Monday, November 28, 2011

Giardiasis


This week at Infection Landscapes, we continue our series on gut infections by considering a parasite: Giardia lamblia. This is the most significant parasitic cause of diarrhea in the world, and perhaps the third most important contributor to diarrheal disease overall.

The Pathogen. Giardia lamblia (also known as Giardia intestinalis) is a flagellated protozoan parasite. It can infect many different types of animals, including domestic livestock, rodents, household domestic animals like dogs and cats, as well as many sylvan mammals, fish, birds, reptiles and, of course, humans. The parasite has two main forms during the course of its life cycle: the cyst, which is the dormant, yet infectious, stage:



and the trophozoite, which is the motile, feeding, albeit non-infectious, form that inhabits the gut of its host:



The trophozoite targets the villi of the epithelial cells of the small intestine, directly adhering to the epithelium. The parasites attach to the surface of the villi but do not penetrate the cells. During infections with large numbers of organisms, this attachment pattern results in the fusion and flattening of the microvilli, which subsequently results in malabsorption.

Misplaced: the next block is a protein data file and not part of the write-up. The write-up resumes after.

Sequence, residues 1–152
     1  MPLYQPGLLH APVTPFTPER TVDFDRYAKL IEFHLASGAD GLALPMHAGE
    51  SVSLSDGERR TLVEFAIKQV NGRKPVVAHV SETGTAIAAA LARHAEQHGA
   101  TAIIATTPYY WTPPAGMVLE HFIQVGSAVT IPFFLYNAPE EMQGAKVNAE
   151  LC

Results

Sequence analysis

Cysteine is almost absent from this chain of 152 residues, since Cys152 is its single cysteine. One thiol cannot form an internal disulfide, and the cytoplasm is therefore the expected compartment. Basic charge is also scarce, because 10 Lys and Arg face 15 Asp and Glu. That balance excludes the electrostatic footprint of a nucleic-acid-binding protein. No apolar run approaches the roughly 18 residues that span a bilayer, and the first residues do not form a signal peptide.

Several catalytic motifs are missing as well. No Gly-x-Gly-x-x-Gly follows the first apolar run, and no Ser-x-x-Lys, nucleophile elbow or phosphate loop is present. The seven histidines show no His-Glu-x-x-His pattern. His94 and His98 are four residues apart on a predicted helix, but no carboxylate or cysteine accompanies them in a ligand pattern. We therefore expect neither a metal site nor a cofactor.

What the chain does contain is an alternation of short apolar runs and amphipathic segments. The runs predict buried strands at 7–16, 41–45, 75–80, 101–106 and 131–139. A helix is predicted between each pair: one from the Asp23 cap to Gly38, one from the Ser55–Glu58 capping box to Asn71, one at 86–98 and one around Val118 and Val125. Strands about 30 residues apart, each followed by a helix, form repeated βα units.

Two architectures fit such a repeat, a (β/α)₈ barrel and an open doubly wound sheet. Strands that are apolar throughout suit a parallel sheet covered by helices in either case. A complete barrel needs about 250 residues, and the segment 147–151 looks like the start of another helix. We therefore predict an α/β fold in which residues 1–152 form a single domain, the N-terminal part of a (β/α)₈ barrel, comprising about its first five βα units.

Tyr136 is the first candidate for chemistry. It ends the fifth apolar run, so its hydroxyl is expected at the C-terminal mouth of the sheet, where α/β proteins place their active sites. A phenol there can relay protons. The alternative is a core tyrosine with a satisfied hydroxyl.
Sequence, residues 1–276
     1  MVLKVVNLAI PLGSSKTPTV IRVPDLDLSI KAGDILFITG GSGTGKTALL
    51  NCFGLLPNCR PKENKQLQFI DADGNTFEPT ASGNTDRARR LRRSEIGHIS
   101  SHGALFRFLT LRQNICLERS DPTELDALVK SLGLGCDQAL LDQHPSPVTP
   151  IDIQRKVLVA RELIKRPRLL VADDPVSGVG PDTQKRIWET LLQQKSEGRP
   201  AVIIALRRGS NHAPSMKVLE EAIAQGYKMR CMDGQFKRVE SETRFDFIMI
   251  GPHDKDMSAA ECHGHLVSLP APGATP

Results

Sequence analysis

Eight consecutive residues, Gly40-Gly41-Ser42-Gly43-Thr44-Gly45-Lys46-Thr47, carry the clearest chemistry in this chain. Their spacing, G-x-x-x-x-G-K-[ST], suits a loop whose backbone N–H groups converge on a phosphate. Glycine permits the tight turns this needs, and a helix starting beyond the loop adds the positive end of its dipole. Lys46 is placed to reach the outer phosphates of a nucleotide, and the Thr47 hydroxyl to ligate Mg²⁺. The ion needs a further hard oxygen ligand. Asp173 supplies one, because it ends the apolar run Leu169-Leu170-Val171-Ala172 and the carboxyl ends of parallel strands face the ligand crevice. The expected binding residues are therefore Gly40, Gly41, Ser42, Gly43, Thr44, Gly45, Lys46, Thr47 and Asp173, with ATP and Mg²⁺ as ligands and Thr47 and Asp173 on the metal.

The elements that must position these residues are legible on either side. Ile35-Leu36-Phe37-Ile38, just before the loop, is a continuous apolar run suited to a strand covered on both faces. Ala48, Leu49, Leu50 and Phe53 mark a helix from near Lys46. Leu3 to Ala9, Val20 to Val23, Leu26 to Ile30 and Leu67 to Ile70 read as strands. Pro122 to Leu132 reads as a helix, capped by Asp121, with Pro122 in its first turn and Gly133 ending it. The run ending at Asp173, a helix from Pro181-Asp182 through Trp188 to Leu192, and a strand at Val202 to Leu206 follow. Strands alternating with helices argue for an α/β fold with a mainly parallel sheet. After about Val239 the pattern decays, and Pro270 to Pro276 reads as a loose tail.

The overall life cycle is nicely depicted in this graph by the Centers for Disease Control and Prevention:


As well as in this graph by Mariana Ruiz Villarreal:




Infection is initiated when the cysts are ingested and subsequently excyst in response to environmental stimuli within the host gut tract. The low pH of the stomach is one such important cue. From each quadranucleate cyst, two binucleate trophozoites will emerge during the process of excystation. These trophozoites are morphologically specialized with a concave ventral surface and a ventral disc-shaped organelle to adhere to the epithelial surface of the small intestine. Once emerged, the trophozoites replicate by binary fission. Because an adaptive immune response in the host follows and will eventually clear the parasite, the trophozoites must transform into cysts (encystation) and exit the host in order to survive. These cysts can survive free-living in the environment for long periods of time as long as they do not dry out or freeze. The encysted parasites are also resistant to moderate levels of chlorination. These cysts are highly infectious, demonstrating an infectious dose of only a couple dozen organisms. Given that tens of thousands of cysts are typically present per liter of untreated sewage in the US, and hundreds of thousands to millions of cysts can be present in untreated sewage in the developing world, the importance of good sanitation and water infrastructure for blocking infection is obvious.